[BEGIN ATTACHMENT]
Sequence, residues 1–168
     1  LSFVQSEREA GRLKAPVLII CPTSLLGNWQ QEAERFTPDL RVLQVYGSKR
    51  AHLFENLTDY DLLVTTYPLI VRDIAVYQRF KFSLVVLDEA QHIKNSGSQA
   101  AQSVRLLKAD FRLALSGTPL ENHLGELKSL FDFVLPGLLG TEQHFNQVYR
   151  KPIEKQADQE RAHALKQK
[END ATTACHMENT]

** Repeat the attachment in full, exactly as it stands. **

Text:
Sequence, residues 1–168
     1  LSFVQSEREA GRLKAPVLII CPTSLLGNWQ QEAERFTPDL RVLQVYGSKR
    51  AHLFENLTDY DLLVTTYPLI VRDIAVYQRF KFSLVVLDEA QHIKNSGSQA
   101  AQSVRLLKAD FRLALSGTPL ENHLGELKSL FDFVLPGLLG TEQHFNQVYR
   151  KPIEKQADQE RAHALKQK